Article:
Although adventure touring will be off the table for most people due to the limitations of a small powerplant, the BMW G 310 GS does quite well off-road for an adventure motorcycle. We all know how unwieldy a 600-pound ADV with street-oriented tires can be in the dirt. Well, the G 310 GS still has street-favoring Metzeler Tourance tires. However, at 374 pounds with its 2.9-gallon fuel tank filled, the intimidation level is considerably lower.
There’s more to the G 310 GS’s off-road story. The sub-33-inch seat height isn’t bad, due to the manageable seven inches of well-damped, though non-adjustable, suspension travel at both ends. On the downside, there’s no switching off the ABS, which can result in the occasional startling moment in the dirt.
I can confidently take on 4×4-requiring rocky dirt roads. Even without airing down the Metzelers, the easy power delivery doesn’t result in unexpected wheelspin or front-end uneasiness. Now, that’s not to say I wouldn’t welcome a pair of Dunlop Trailmax Mission tires on the 19-/17-inch rim combo if I were spending plenty of time on the G 310 GS in the dirt.
While not as dirtworthy as a Honda CRF300L Rally or KTM 390 Adventure, the G 310 GS feels better in the dirt than the twin-cylinder Kawasaki Versys-X.
Tying dirt sections together on paved roads reminds you of the strong points of the BMW G 310 GS. It handles rougher hinterland byways better than pure-street bikes, and that’s what going on an adventure is all about. There’s nothing unpredictable about the power or handling, though you’ll undoubtedly be wishing for more oomph on faster paved sections—such is the life of a 374-pound motorcycle with a single-cylinder 313cc engine.
After having lots of fun riding the BMW G 310 GS, it becomes apparent what and who the motorcycle is for.
If you’re a larger, taller rider, the GS is a particularly appealing 300-class adventure motorcycle. Its heft is less daunting, giving the bike a look and feel of gravitas. Smaller test riders found it on the bulky side and prefer a small dual-sport if they have off-pavement aspirations.
As an exploration motorcycle, either in tight urban confines or on decently maintained dirt roads in wide-open spaces, the BMW G 310 GS has great appeal. You won’t mind dead ends that would have your heart rate increasing on an open-class adventure motorcycle. Picking it up or turning it around will not be an issue for most riders.
If you’re a local urban commuter, the BMW G 310 GS is fantastic. The seat height makes you more visible to smartphone-distracted drivers and allows you to better survey your surroundings.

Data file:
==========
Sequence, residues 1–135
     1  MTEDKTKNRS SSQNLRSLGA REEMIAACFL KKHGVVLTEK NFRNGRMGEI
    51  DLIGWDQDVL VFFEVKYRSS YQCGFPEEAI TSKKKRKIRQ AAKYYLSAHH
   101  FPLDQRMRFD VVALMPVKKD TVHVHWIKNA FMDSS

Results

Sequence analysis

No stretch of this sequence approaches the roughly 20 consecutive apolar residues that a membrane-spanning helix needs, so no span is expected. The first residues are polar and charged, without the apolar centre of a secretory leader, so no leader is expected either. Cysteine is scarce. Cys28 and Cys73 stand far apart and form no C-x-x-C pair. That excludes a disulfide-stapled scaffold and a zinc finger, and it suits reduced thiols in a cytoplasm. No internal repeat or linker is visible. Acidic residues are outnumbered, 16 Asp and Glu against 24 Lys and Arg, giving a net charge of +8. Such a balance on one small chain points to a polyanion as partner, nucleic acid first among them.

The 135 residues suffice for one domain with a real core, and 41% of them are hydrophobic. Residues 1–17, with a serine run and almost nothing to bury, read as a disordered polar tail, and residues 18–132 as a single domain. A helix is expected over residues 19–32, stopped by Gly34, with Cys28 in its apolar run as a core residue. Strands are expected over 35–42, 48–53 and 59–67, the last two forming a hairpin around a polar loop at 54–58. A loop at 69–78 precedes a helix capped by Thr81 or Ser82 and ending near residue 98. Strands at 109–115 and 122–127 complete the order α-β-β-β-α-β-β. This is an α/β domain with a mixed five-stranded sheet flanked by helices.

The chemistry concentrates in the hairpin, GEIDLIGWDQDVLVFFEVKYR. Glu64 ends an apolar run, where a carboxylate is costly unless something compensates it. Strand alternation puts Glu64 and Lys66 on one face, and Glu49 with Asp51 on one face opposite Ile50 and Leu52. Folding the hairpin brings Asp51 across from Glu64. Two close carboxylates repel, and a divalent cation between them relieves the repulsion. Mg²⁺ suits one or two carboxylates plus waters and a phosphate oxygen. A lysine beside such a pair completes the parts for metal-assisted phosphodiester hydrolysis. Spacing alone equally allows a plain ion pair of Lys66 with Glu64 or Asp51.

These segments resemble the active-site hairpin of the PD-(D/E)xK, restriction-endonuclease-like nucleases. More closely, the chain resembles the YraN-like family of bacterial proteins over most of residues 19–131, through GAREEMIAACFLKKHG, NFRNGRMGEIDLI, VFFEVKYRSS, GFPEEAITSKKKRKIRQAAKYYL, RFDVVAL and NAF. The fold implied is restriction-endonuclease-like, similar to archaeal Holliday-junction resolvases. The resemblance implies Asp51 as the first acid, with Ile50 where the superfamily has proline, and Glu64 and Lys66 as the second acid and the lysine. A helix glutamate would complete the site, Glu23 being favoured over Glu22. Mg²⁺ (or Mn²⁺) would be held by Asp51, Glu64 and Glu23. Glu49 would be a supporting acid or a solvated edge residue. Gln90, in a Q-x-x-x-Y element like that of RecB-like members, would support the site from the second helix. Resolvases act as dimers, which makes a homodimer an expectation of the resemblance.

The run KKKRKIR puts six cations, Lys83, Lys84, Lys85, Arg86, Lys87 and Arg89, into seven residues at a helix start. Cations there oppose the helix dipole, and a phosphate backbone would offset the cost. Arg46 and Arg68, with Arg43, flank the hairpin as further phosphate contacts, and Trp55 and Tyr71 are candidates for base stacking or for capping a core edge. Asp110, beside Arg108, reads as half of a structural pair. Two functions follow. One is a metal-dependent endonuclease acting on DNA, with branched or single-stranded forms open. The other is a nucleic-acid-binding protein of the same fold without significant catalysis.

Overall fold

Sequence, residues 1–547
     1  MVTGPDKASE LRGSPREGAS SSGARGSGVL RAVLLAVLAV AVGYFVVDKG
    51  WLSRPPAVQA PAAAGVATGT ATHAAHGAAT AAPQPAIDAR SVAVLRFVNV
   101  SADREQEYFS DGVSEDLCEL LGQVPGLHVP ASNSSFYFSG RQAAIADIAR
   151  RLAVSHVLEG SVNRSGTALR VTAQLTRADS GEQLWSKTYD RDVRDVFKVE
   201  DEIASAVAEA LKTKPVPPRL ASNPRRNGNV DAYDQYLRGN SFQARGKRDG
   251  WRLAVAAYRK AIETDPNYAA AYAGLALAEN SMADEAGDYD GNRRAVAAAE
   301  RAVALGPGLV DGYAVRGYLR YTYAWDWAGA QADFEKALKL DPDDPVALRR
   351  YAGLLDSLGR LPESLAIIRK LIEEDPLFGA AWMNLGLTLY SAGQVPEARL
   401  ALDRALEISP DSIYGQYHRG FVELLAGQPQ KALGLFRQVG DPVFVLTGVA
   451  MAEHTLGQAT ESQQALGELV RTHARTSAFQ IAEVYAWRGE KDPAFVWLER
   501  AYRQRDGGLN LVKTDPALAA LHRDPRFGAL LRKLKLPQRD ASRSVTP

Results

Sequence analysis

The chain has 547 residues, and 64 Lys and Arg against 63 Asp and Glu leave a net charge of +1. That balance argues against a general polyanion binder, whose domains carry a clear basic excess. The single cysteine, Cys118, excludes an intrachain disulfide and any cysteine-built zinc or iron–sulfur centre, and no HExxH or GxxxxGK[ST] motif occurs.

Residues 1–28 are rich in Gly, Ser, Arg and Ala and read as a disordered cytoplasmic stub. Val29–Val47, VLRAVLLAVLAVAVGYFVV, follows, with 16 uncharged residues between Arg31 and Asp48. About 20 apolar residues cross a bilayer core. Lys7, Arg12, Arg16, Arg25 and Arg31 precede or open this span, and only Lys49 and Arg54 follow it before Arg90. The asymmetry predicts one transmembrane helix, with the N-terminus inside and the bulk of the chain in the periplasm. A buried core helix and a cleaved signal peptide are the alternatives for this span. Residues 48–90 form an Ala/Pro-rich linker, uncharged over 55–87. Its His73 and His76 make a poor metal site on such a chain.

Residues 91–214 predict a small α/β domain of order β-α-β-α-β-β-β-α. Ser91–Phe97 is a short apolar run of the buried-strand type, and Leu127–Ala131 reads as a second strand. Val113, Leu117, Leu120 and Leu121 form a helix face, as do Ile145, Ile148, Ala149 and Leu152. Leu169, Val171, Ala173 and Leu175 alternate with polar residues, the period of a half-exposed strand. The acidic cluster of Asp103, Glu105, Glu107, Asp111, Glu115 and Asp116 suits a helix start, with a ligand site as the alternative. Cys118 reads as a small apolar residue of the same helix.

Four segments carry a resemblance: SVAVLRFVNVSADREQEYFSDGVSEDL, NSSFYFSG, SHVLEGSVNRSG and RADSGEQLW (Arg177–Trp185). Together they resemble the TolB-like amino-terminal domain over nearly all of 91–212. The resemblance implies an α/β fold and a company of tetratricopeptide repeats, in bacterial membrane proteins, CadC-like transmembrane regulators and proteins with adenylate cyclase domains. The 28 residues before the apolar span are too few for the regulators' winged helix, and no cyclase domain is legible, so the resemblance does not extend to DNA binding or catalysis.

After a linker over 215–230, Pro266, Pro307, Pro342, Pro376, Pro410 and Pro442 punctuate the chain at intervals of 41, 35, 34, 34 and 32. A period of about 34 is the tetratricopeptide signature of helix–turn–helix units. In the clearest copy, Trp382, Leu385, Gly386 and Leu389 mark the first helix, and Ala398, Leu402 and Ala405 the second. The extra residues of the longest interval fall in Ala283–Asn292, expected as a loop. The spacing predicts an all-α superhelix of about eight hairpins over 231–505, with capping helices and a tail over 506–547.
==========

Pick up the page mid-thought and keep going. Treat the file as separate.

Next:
The BMW badging impresses onlookers, which can be handy. If the same motorcycle had TVS on the tank—the company that makes the 310 in Hosur, India, to BMW’s specifications—you might get a less-welcoming reaction, especially in a status-conscious city such as Los Angeles. Remember that building the G 310 GS in India keeps the price of the 40 Year GS at $6195—the standard 2022 version is $5954. Of course, if you don’t need the off-road capabilities and your image won’t suffer if you’re not on an ADV-style motorcycle, the street-only G 310 R is considerably less expensive at $5045.
So, there you have the criteria for being a BMW G 310 GS rider. It does several things well—commuting, urban exploring, rural off-roading—and if fast freeway runs aren’t on your to-ride, this could be just the small-displacement adventure motorcycle you’re looking for.
Photography by Kelly Callan
- Helmet: Arai XD4
- Communications: Sena 20S Evo
- Jacket + pants: Tourmaster Alpine-Trek
- Back protection: Safe-Tech
- Gloves: Tourmaster Switchback
- Boots: Tourmaster Trailblazer
BMW G 310 GS 40 Years GS Specs
- Type: Rearward-canted single
- Displacement: 313cc
- Bore x stroke: 80 x 62.1mm
- Maximum power: 34 horsepower @ 9500 rpm
- Maximum torque: 20 ft-lbs @ 7500 rpm
- Maximum speed: 88 mph
- Compression ratio: 10.9:1
- Fueling: EFI
- Valvetrain: DOHC; 4 valves
- Transmission: 6-speed
- Clutch: Wet multi-disc w/ assist-and-slipper function
- Final drive: X-ring chain
- Frame: Steel tube trellis
- Front suspension; travel: Non-adjustable 41mm inverted fork; 7.1 inches
- Rear suspension; travel: Linkage-free spring-preload adjustable shock; 7.1 inches
- Wheels: Cast aluminum
- Front wheel: 19 x 2.50
- Rear wheel: 17 x 4.00
- Tires: Metzeler Tourance
- Front tire: 110/80 x 19
- Rear tire: 150/70 x 17
- Front brake: 300mm disc w/ radially mounted 4-piston caliper
- Rear brake: 240mm disc w/ floating single-piston caliper
- ABS: Standard
DIMENSIONS and CAPACITIES
- Wheelbase: 55.9 inches
- Rake: 26.7 degrees
- Trail: 3.9 inches
- Seat height: 32.9 inches
- Fuel capacity: 3.0 gallons
- Curb weight: 374 pounds
BMW G 310 GS 40 Years GS Price: $6195 MSRP
BMW G 310 GS Review Photo Gallery: 40 Years GS